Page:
A copy of the community service announcements (30 second and two-minute versions), will be distributed to media outlets via Hightail link.
NSW Police, in conjunction with Crime Stoppers NSW, have launched a ‘No Innocent Bystanders’ video campaign calling on the community to report domestic violence.
The powerful campaign comprises a community service announcement to be shared across television networks, and an extended video that will appear on social media platforms.
Members of the NSW Police Domestic Violence Team worked closely with the production company to create the videos, which reflect their ongoing experience of investigating and prosecuting domestic and family violence incidents.
The video aims to highlight the serious realities of domestic violence while demonstrating how members of the community can take action to report incidents anonymously via Crime Stoppers.
NSW Police Commissioner Andrew Scipione said the campaign sends a strong message to the community of our continued commitment to tackling domestic violence, and what role they have to play in supporting that work.
“In NSW, police respond to more than 145,000 incidents of domestic and family violence each year, which equates to about 400 cases every day,” Commissioner Scipione said.
“Tragically we have also seen 32 domestic-related homicide in 2016 in NSW, to date.
“In some of these cases we know that sadly there had been a history of violence in the home, and people in the community had knowledge of it but had reservations about coming forward.” Commissioner Scipione said.
“That’s why we’re urging you, if you witness domestic violence, if you’ve noticed the behaviour of a family member, friend or colleague, change or if you have concerns for the welfare of someone in your neighbourhood to please pick up the phone and report that information to Crime Stoppers.
“Every little piece of the puzzle, as reflected in video campaign, is another piece of information police can use to take action against offenders, and bring peace to victims,” Commissioner Scipione said.
“Most importantly, when you come forward to make a report you can remain anonymous, and the details you provide will be treated in the strictest of confidence.
“Never underestimate the significant role you can play in addressing the scourge of domestic and family violence; what you know could save someone’s life,” Commissioner Scipione said.
“A problem of this magnitude requires a whole-of community response, which is why we’re focusing on raising public awareness while also utilising proactive investigative strategies.
“We have driven programs to support victims and to target offenders, so we indeed see this, engaging the community to stand up and speak out, as the final piece of our puzzle in addressing this crime.”
NSW Police have expanded the Domestic Violence Suspect Target Management Plan (DVSTMP II) across the state after a successful trial in 2015.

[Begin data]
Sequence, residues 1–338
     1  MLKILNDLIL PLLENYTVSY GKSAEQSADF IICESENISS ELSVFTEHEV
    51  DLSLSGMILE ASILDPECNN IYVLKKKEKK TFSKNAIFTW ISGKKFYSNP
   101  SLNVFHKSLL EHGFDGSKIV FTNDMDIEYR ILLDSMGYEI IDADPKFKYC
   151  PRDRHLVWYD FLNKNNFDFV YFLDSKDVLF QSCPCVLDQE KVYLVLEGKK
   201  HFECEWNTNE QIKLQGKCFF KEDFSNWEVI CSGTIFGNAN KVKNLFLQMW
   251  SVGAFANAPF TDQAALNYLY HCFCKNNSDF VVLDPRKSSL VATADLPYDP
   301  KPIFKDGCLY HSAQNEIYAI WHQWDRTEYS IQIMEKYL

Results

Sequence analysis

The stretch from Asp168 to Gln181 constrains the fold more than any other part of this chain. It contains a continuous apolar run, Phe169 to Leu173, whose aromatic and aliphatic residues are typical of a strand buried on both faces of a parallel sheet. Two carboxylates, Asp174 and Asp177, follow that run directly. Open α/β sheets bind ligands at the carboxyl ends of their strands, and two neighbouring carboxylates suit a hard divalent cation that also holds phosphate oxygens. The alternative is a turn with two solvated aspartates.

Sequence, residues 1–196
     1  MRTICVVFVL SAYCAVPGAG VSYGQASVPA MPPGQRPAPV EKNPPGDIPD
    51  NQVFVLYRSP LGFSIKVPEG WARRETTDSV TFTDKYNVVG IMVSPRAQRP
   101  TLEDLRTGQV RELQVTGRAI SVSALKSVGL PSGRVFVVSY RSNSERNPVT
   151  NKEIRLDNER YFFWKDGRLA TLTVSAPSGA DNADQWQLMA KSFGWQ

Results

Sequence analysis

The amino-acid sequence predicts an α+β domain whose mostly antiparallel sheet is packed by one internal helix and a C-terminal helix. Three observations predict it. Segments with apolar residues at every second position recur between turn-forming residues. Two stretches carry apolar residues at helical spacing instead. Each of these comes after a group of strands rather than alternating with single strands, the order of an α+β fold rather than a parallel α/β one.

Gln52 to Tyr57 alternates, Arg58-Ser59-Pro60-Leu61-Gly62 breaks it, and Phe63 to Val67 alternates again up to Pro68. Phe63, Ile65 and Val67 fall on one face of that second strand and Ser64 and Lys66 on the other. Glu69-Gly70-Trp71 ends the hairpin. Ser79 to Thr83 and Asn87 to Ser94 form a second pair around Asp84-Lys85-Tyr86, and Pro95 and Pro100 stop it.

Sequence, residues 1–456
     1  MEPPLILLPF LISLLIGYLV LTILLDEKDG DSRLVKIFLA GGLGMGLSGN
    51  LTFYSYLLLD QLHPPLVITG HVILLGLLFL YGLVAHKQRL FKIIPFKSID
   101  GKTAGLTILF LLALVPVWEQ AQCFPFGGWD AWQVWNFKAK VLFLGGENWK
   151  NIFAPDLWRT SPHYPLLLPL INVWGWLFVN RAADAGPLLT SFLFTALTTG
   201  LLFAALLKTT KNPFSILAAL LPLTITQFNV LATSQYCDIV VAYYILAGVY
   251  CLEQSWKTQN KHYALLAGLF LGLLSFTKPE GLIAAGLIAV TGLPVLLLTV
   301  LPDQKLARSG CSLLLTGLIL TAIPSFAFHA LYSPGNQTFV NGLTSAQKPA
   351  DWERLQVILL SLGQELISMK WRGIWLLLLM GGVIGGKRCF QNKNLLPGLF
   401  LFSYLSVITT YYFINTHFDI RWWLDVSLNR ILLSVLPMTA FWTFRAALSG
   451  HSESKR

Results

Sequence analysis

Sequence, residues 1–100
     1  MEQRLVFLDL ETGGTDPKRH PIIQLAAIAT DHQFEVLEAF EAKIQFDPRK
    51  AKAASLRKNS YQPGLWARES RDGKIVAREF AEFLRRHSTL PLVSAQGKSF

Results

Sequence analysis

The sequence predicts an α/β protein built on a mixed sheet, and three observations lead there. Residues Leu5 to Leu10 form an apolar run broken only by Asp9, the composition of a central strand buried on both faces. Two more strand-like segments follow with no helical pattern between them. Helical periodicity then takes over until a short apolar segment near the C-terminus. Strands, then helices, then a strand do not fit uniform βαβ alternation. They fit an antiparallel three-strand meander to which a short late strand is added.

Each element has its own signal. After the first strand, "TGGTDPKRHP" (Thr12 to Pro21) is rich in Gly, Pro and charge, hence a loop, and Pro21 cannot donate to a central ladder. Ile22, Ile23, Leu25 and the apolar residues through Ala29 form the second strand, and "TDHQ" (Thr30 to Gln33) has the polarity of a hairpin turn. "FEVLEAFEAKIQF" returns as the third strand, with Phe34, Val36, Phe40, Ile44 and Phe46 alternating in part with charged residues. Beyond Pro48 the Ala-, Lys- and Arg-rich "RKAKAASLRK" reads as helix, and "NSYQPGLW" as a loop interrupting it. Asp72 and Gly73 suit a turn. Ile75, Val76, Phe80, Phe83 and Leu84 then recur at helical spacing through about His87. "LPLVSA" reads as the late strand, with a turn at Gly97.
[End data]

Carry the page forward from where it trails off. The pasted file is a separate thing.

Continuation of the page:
In addition, the first Domestic Violence High Risk Offender Team (DV HROT) trial has been launched, which comprises a dedicated team of officers who are targeting the most dangerous offenders across the Central Metropolitan Region.
NSW Police Corporate Spokesperson on Domestic and Family Violence, Assistant Commissioner Mick Fuller, said these programs are about shifting our focus onto the behaviour of offenders and holding them accountable.
“Both DV STMP and DV HROT are about proactively managing offenders by monitoring their behaviour, ensuring their complying with protection orders and working to prevent incidents of violence before they occur,” Assistant Commissioner Fuller said.
“We will continue to utilise a number of policing strategies to address this issue, and reaching out to the community compliments the work that we’re doing.
“Some may find the images in these videos confronting; that’s not something we will apologise for as it’s indicative of the horror witnessed by police, and experienced by family members every single day,” Assistant Commissioner Fuller said.
“Each day police serve the community, they battle the perception that domestic violence is a ‘family matter’ and therefore should be treated as ‘private business.’
“That is certainly not the case. If you are aware this is occurring in your community, you are obliged to report it, like any other crime,” Assistant Commissioner Fuller said.
“If you saw your neighbours’ car being stolen you wouldn’t hesitate for a moment; we want you to treat domestic and family violence with the same response. Do not hesitate – make the call.”
NSW Police was assisted in the creation of the community service announcements by production company Onsight Films.
Police are urging anyone with information about domestic-violence crimes to call Crime Stoppers on 1800 333 000 or use the Crime Stoppers online reporting page: nsw.crimestoppers.com.au